Not only does the alveolar ventilation rate influence H+ concentration by changing the Pco2 of the body fluids, but the H+ concentration affects the rate of alveolar ventilation. Thus, Figure 30-3 shows that the alveolar ventilation rate increases four to five times normal as the pH decreases from the normal value of 7.4 to the strongly acidic value of 7.0. Conversely, when plasma pH rises above 7.4, this causes a decrease in the ventilation rate. As one can see from the graph, the change in ventilation rate per unit pH change is much greater at reduced levels of pH (corresponding to elevated H+ concentration) compared with increased levels of pH. The reason for this is that as the alveolar ventilation rate decreases, owing to an increase in pH (decreased H+ concentration), the amount of oxygen added to the blood decreases and the partial pressure of oxygen (PO2) in the blood also decreases, which stimulates the ventilation rate. Therefore, the respiratory compensation for an increase in pH is not nearly as effective as the response to a marked reduction in pH.
Effect of blood pH on the rate of alveolar ventilation.
That is, whenever the H+ concentration increases above normal, the respiratory system is stimulated, and alveolar ventilation increases. This decreases the Pco2 in extracellular fluid and reduces H+ concentration back toward normal. Conversely, if H+ concentration falls below normal, the respiratory center becomes depressed, alveolar ventilation decreases, and H+ concentration increases back toward normal.
Efficiency of Respiratory Control of Hydrogen Ion Concentration. Respiratory control cannot return the H+ concentration all the way back to normal when a disturbance outside the respiratory system has altered pH. Ordinarily, the respiratory mechanism for controlling H+ concentration has an effectiveness between 50 and 75 per cent, corresponding to a feedback gain of 1 to 3. That is, if the H+ concentration is suddenly increased by adding acid to the extracellular fluid and pH falls from 7.4 to 7.0, the respiratory system can return the pH to a value of about 7.2 to 7.3. This response occurs within 3 to 12 minutes.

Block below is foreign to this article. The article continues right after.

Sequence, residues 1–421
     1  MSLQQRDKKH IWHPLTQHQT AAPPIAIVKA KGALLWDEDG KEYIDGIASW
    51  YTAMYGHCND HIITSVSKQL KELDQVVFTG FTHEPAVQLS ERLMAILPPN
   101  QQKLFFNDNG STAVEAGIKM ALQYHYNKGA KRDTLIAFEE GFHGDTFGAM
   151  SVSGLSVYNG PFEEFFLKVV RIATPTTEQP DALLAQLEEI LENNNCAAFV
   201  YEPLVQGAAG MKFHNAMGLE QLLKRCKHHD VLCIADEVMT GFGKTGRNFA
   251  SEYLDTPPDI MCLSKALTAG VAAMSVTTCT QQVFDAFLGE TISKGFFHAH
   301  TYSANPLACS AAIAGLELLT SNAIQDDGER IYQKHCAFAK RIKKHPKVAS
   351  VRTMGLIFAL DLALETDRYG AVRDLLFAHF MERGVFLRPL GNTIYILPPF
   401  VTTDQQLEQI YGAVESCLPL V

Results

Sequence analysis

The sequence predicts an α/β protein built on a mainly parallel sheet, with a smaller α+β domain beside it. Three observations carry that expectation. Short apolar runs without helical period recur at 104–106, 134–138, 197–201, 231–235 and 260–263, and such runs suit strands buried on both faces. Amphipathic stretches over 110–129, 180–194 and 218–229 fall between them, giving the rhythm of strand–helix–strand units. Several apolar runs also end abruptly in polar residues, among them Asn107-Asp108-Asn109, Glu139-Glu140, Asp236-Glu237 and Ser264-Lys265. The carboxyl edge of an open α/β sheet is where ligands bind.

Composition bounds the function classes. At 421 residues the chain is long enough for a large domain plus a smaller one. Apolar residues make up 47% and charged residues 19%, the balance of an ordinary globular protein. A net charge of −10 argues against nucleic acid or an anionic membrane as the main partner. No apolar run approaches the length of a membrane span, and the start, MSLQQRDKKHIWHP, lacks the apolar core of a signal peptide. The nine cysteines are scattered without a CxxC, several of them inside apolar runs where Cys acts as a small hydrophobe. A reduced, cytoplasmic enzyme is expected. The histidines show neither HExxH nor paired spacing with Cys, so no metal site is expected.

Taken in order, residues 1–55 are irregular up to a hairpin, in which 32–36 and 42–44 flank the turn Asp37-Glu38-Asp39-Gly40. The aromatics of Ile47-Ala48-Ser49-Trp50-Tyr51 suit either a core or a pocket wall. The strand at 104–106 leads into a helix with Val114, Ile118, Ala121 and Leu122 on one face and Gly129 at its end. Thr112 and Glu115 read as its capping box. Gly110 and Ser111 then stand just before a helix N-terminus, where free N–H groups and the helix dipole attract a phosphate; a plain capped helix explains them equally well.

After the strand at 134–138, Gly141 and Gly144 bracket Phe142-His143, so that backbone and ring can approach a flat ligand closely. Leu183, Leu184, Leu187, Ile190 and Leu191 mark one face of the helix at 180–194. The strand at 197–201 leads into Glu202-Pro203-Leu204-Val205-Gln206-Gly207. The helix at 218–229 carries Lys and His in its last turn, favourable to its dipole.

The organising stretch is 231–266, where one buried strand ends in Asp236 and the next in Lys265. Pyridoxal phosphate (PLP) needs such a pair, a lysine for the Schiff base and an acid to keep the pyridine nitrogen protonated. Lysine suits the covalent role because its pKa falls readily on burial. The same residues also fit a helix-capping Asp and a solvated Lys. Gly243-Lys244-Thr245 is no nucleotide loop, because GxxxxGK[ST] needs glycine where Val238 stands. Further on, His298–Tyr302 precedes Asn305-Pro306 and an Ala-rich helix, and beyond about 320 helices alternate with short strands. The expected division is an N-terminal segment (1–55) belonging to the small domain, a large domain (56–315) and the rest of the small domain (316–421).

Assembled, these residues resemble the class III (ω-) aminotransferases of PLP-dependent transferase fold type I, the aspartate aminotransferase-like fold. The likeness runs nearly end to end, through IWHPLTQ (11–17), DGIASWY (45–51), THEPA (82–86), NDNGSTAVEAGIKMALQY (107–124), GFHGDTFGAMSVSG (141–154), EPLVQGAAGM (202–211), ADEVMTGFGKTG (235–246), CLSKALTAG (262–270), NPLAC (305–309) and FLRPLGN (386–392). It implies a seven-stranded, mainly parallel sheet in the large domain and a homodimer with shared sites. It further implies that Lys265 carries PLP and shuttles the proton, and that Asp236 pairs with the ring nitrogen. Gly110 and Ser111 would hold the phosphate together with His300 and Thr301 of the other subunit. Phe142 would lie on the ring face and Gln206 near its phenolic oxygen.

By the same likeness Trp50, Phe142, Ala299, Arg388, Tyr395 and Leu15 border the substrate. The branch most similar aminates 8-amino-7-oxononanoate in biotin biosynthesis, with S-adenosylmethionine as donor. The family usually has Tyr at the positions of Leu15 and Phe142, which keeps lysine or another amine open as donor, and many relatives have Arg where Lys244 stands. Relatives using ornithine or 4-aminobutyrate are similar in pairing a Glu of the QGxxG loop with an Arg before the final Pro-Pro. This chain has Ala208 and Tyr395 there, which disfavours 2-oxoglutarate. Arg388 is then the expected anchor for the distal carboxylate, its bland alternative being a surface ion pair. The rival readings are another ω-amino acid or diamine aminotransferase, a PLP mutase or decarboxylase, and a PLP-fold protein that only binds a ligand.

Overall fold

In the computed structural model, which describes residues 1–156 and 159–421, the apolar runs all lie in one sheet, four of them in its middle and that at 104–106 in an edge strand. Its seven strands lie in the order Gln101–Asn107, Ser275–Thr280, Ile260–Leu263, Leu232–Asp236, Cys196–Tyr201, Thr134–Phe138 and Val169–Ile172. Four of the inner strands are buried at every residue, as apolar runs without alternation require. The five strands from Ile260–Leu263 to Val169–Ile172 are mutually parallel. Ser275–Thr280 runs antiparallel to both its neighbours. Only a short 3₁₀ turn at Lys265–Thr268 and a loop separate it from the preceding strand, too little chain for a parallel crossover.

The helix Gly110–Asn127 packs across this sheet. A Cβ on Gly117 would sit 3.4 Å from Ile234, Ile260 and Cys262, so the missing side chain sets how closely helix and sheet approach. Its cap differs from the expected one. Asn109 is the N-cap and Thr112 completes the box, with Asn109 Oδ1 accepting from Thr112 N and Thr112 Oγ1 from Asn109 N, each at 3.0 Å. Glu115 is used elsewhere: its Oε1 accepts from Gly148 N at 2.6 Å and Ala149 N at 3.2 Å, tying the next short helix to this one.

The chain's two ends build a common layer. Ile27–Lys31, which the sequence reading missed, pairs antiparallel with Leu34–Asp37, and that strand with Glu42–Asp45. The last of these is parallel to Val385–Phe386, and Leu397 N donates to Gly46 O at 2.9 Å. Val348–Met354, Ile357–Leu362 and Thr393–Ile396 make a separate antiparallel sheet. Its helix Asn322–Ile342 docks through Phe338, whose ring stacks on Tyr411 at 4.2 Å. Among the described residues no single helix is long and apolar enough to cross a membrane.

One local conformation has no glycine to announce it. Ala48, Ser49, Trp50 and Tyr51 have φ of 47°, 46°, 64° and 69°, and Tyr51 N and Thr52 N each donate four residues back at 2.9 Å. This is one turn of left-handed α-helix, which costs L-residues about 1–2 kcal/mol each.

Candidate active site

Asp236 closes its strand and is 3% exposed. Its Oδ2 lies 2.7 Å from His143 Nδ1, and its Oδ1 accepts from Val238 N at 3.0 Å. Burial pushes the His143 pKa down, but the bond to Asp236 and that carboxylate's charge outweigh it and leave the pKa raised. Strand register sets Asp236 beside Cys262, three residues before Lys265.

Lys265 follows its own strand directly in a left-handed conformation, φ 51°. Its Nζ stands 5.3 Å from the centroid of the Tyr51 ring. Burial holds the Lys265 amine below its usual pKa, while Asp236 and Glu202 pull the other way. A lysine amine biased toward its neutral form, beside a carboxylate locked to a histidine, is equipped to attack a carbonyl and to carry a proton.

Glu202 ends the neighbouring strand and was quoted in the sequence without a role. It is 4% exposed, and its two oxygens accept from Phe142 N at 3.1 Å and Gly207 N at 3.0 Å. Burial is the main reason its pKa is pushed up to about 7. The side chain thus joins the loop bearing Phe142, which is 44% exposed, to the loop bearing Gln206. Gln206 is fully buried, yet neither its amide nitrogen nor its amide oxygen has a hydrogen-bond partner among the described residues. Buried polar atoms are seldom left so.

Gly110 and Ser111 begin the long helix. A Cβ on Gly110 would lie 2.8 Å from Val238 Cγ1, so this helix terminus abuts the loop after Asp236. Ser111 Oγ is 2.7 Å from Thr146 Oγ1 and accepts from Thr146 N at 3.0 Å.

Buffering Power of the Respiratory System. Respiratory regulation of acid-base balance is a physiologic type of buffer system because it acts rapidly and keeps the H+ concentration from changing too much until the slowly responding kidneys can eliminate the imbalance. In general, the overall buffering power of the respiratory system is one to two times as great as the buffering power of all other chemical buffers in the extracellular fluid combined. That is, one to two times as much acid or base can normally be buffered by this mechanism as by the chemical buffers.
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If you suffer with asthma, you will no doubt be familiar with the uncomfortable sensations as your bronchial tubes begin to narrow and your muscles around them start to tighten. A sticky mucus known as phlegm begins to produce and increase within your bronchial tubes and you begin to wheeze, cough and struggle to breathe.